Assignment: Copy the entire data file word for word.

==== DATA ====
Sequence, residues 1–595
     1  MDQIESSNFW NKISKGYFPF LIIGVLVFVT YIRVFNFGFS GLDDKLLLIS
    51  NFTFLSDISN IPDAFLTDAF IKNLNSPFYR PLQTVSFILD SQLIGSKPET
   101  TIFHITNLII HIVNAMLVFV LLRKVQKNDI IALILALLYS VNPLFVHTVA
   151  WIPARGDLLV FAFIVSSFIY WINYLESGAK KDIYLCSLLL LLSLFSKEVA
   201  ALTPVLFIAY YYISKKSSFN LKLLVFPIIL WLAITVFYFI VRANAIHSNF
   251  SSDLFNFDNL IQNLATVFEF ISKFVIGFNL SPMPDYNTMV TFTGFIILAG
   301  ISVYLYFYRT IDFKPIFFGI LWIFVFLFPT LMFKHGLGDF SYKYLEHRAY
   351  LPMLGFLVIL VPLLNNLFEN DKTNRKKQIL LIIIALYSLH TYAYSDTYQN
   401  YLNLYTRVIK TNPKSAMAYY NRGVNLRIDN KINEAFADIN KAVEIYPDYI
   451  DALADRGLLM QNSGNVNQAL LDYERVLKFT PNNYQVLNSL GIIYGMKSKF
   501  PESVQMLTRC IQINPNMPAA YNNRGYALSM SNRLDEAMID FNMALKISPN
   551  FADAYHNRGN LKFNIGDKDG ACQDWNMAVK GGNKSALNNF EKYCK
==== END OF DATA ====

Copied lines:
Sequence, residues 1–595
     1  MDQIESSNFW NKISKGYFPF LIIGVLVFVT YIRVFNFGFS GLDDKLLLIS
    51  NFTFLSDISN IPDAFLTDAF IKNLNSPFYR PLQTVSFILD SQLIGSKPET
   101  TIFHITNLII HIVNAMLVFV LLRKVQKNDI IALILALLYS VNPLFVHTVA
   151  WIPARGDLLV FAFIVSSFIY WINYLESGAK KDIYLCSLLL LLSLFSKEVA
   201  ALTPVLFIAY YYISKKSSFN LKLLVFPIIL WLAITVFYFI VRANAIHSNF
   251  SSDLFNFDNL IQNLATVFEF ISKFVIGFNL SPMPDYNTMV TFTGFIILAG
   301  ISVYLYFYRT IDFKPIFFGI LWIFVFLFPT LMFKHGLGDF SYKYLEHRAY
   351  LPMLGFLVIL VPLLNNLFEN DKTNRKKQIL LIIIALYSLH TYAYSDTYQN
   401  YLNLYTRVIK TNPKSAMAYY NRGVNLRIDN KINEAFADIN KAVEIYPDYI
   451  DALADRGLLM QNSGNVNQAL LDYERVLKFT PNNYQVLNSL GIIYGMKSKF
   501  PESVQMLTRC IQINPNMPAA YNNRGYALSM SNRLDEAMID FNMALKISPN
   551  FADAYHNRGN LKFNIGDKDG ACQDWNMAVK GGNKSALNNF EKYCK